“He’s doing okay,” he said. “He’s still under evaluation. We don’t know exactly what we’re doing with this whole thing yet, but we’re trying to talk with the doctors and find out exactly where we’re at.”

“We collided, and I called for the ball,” Heyward added. “We were both going hard to make a play and ran into each other.”

The loss dropped starter Jose Quintana to 4-4 on the season. Quintana went 5.1 innings while allowing six runs on 12 hits with one walk and two strikeouts. Despite relatively weak contact, the Reds hit well all weekend. Their 42 hits over three games was the most for them in a three-game series at Wrigley since 1976, and they finished the weekend with a .404 BABIP. 

“Yeah, I just had to keep pitching, you know?” Quintana said. “Keeping my focus. It was really tough - too many base hits. In some contests that happens. I just try to stay close in the game.” 

The Cubs finished their 7-game homestand at 3-4, and now hit the road for a two-city trip. Up first comes the 35-19 Astros, who are 20-7 at home. This season Houston ranks first in on-base percentage, second in slugging percentage, and third in home runs. Their closer, Ryan Pressley, has the lowest ERA of all qualified relievers and is fresh off a streak of 40 straight scoreless appearances.

“I’m excited,” Joe Maddon said before Sunday’s game. “Let’s get by today, but I’m excited for the whole week. Look at our schedule - it’s been pretty firm, and it continues to be pretty firm. And that’s the way it should be. I’m looking forward to it.”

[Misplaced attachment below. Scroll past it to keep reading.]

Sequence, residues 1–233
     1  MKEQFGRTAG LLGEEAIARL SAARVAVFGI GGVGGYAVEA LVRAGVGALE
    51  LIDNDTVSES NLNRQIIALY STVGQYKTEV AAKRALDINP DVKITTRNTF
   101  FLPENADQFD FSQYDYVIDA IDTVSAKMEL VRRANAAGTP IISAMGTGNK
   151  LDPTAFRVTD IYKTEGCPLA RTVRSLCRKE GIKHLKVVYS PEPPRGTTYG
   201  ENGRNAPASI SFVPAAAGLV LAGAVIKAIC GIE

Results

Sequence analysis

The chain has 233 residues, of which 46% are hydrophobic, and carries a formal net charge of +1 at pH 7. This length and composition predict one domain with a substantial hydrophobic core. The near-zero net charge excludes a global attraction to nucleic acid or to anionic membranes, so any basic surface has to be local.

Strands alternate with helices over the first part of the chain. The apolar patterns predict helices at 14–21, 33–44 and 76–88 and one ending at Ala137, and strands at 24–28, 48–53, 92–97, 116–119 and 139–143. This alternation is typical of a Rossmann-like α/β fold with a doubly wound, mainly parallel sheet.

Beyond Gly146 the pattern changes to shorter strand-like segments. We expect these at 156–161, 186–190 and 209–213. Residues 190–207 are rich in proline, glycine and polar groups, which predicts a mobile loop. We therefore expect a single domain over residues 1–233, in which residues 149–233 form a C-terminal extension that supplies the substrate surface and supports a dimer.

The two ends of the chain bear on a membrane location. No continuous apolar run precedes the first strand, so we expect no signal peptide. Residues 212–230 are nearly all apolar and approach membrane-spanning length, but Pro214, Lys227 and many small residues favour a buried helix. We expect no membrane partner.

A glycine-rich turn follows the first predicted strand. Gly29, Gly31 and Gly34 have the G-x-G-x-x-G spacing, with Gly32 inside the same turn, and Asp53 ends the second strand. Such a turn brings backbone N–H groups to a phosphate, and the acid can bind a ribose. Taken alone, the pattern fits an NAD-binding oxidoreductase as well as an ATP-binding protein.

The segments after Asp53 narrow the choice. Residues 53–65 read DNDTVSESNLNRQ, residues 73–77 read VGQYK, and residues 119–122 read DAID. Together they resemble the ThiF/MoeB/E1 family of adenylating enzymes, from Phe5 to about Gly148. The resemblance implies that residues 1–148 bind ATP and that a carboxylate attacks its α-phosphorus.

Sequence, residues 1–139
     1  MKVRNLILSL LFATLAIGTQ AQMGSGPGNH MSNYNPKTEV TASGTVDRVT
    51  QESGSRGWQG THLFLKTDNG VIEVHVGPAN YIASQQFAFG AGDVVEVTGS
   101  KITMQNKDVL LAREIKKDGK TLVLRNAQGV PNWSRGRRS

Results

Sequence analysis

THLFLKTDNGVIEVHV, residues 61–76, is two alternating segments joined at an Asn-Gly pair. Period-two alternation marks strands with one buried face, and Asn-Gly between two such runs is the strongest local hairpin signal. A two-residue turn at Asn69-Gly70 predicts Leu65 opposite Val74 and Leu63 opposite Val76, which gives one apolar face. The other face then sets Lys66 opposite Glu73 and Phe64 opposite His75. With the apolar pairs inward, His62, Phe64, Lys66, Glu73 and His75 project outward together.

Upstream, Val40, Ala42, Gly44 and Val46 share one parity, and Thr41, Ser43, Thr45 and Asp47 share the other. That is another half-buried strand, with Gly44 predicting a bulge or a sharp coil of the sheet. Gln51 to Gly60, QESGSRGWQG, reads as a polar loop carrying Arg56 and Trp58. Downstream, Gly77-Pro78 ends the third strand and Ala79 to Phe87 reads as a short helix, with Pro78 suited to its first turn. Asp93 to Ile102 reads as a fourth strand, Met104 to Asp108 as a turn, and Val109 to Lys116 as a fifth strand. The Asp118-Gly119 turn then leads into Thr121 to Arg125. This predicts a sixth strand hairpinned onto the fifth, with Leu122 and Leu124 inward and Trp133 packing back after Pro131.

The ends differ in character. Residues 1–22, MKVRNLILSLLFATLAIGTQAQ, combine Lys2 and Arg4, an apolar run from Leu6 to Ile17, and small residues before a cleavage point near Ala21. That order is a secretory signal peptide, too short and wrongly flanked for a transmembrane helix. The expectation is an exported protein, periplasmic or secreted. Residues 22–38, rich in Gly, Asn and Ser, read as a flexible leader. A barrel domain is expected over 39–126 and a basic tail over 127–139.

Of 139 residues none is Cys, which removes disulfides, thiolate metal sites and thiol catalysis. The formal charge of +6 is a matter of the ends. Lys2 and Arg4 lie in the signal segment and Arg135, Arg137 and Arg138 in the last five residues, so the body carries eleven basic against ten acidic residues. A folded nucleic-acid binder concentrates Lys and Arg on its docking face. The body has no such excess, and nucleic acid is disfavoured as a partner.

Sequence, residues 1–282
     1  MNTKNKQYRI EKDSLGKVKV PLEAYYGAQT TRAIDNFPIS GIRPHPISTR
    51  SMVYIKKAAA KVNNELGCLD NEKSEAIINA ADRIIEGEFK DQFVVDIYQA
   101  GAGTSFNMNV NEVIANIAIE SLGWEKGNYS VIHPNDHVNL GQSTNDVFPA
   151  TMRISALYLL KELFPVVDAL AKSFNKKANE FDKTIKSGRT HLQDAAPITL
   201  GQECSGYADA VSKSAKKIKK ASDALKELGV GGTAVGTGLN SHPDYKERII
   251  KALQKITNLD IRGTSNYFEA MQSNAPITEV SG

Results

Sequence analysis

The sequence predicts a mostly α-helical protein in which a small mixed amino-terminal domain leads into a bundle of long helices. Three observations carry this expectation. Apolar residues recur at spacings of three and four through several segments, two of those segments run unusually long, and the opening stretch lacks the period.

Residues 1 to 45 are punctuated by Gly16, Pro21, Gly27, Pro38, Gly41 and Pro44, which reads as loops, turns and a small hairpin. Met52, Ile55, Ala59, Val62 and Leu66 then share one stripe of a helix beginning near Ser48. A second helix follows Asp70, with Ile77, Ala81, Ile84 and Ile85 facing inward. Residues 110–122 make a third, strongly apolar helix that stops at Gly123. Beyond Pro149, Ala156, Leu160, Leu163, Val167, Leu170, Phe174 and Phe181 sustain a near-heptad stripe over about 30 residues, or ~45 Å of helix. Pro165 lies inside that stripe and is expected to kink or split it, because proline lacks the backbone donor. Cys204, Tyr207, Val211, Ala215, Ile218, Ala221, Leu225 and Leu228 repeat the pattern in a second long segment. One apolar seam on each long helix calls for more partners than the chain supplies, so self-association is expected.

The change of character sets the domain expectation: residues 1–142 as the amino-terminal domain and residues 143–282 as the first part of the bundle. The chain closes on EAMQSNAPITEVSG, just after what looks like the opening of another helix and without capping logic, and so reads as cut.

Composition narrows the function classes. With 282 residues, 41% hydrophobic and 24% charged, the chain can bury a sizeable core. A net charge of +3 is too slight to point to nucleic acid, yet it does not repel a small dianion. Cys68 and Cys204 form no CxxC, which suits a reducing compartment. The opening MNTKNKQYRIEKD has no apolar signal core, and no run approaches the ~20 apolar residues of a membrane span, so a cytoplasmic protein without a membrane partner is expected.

Kris Bryant leaves Sunday's game after outfield collision with Jason Heyward

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Scott Chagnon/NBC Sports Chicago

Kris Bryant leaves Sunday's game after outfield collision with Jason Heyward

Add injury to insult for the Cubs. 

In the top of the 6th inning, with the Cubs already down 6 runs, right fielder Kris Bryant left the game after colliding with Jason Heyward in the outfield.

You can check out the video right here. 

It's possible that the move was simply precautionary. The Cubs are on their 13th game in 13 days, and being down six runs in the latter half of a getaway game isn't the time to roll the dice. That said, Bryant missing time would be a significant blow, as the Cubs' star is in the midst of a stellar season. Through 49 games, Bryant's slashing .288/.411/.576 with a .987 and a 160 wRC+. As of Sunday afternoon, only Javy Baez has a higher WAR (2.5) than Bryant (2.4). 

There's been no further announcement on the extent of Bryant's injury.